My son has always grabbed my library selections off the bookshelf, so even if I kept him from checking out books about difficult topics, he'd read them anyway. (Unless I didn't check them out for me.) For some reason, he leaves the Dianne Mott Davidson and Tamar Myers mysteries alone.

mbelgard Posted 9 Oct 2009 , 3:21pm
post #8 of 62

I guess I see censoring much more than porn past the age of 13-14 is a complete waste of time. Even if you don't let them read/watch/listen/play video games at home that you object to it isn't likely that every parent of their friends are going to do the same so they will be getting it somewhere else. Telling parents what your censorship rules are doesn't work well either once they are old enough to be left alone since parents might not always be present.

I know that I was by the time I was 10, my parents fell for the Tipper Gore thing about music but our friends' parents weren't all so uptight and we listened to just about everything we weren't supposed to. They weren't really into censoring books but we also watched things at other people's houses we weren't allowed to watch at home.

I'd personally much rather know what my kids are being exposed to so I can talk to them about it than have my head stuck in the sand.

snowboarder Posted 9 Oct 2009 , 3:27pm
post #9 of 62
Quote:
Originally Posted by sadsmile

Every book either has sex, talking about sex, sexual tension, longing for sex, reminiscing abut sex, drug use, violence, murder, family violence, rape, molestation, sex--did I mention sex? What the heck are these books even on the school library shelves for?





Could you please provide a few of the titles/authors of these books? I'm curious now!

letsgetcaking Posted 9 Oct 2009 , 3:49pm
post #10 of 62

One I abbhor is Forever by Judy Blume. I read the book in 3rd grade as an eight-year-old. Nice.

sadsmile Posted 9 Oct 2009 , 4:47pm
post #11 of 62

Here is a site I found that give a heads up about content.

http://www.commonsensemedia.org/book-reviews

I read the Twilight Series. All of my daughters(12yo) friends have read them and seen the movie.
It is not just innocent romance. I can not believe the lure and sexual longing portrayed in these books, the lying. Bella even bounces back and forth from Edward and Jakob. Really bad role models. It's like paper back romance for teens but kids as young as 8-9 are reading this stuff.
I do talk to my daughter about sex and she doesn't like the smutt in stuff either. We are a conservative family but hello hormones. And stuff like this just opens the door IMO. If a girl isn't interested in it yet she will be after reading it so romantically put with such curiosity.
We also take a close look at music and lyrics and meanings of unknown phrases in lyrics. The crap in outrageous.
TV and movies is pretty limited though Nick and Disney are putting a few more good ones out like: True Jackson, Jonas, Sonny with a Chance, Hannah, I-Carly, Wizards... So it's not like my kids are on total lock down.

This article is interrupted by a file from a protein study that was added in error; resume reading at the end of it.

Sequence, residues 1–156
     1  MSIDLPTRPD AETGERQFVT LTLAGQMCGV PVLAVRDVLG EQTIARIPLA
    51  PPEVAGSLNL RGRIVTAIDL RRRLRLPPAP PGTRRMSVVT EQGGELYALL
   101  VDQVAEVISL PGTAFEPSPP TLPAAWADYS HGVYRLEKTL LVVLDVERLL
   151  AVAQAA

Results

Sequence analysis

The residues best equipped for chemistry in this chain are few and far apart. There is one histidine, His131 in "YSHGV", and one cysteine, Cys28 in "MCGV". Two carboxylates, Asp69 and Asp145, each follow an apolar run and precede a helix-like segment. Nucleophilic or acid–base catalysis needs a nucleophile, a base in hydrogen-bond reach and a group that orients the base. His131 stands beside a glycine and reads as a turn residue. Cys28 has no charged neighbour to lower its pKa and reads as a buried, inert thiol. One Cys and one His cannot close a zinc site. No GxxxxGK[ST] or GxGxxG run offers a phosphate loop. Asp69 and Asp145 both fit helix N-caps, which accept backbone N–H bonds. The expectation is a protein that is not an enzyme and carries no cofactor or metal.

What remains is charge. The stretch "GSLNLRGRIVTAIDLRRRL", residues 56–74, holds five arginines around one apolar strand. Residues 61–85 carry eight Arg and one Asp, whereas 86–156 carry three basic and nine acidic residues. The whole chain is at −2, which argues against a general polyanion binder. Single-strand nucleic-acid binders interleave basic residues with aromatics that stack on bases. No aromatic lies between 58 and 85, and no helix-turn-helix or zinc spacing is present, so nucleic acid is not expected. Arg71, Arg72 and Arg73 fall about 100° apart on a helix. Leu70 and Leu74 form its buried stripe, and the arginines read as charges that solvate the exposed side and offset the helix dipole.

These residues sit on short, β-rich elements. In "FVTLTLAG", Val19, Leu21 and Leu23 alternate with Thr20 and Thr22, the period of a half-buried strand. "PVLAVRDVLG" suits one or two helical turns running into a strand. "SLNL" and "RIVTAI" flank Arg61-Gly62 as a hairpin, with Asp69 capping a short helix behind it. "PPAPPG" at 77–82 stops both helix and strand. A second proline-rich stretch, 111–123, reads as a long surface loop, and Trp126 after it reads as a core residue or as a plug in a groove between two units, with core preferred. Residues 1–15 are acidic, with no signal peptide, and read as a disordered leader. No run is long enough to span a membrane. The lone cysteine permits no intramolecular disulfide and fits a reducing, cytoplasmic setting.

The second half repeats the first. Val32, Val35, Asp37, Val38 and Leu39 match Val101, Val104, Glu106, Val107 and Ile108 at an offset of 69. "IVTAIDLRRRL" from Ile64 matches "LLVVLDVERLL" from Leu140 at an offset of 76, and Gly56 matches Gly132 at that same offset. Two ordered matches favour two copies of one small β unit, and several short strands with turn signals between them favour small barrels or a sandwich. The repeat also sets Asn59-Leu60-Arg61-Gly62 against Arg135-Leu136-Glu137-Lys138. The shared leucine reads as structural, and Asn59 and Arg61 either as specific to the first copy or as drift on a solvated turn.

But alot of their friends get to see TV shows I won't even watch like Vampire Diaries- that is sooo not for kids.

My kids read the Narnia books and several other innocent series over the past 3 years ago. And we are really running out of things to read..LOL

-Tubbs Posted 9 Oct 2009 , 4:55pm
post #12 of 62
Quote:
Originally Posted by sadsmile

I read the Twilight Series. All of my daughters(12yo) friends have read them and seen the movie.
It is not just innocent romance. I can not believe the lure and sexual longing portrayed in these books, the lying. Bella even bounces back and forth from Edward and Jakob. Really bad role models. It's like paper back romance for teens but kids as young as 8-9 are reading this stuff.



The author is Mormon, a religion which requires no sex before marriage, hence all that pent-up sexual tension - as you say, raging hormones are gonna go somewhere! I believe that's also why Bella gets married so young.

Texas_Rose Posted 9 Oct 2009 , 5:57pm
post #13 of 62
Quote:
Originally Posted by TubbsCookies

Uh, apart from the 12/13 year-olds falling in love, disappearing for an afternoon and coming back with an 'afterglow'!!




I don't remember that part icon_redface.gif Sometimes I read too fast. But I read the Chronicles of Narnia to my kids over the summer (because Sophie wanted Kipling's Just So stories every day, over and over, and I needed to distract her so my brain could have a break) and we're going to read the Golden Compass series together next...kind of presenting both views, the extremely religious and the opposite.

I was thinking about it just now, and by the time I was 12, I was already reading books written for adults. Sometimes my mother would find it propped open somewhere and pick it up out of curiosity and find something she objected to (not difficult to do, we were Catholic) and then she would take my book away icon_mad.gificon_cry.gif and I would have to finish reading it the next time I went to the library. I read about all kinds of things and I think I turned out fine icon_lol.gif It's only now as an adult that I've been going back and reading some of the young adult books that I skipped over as a kid.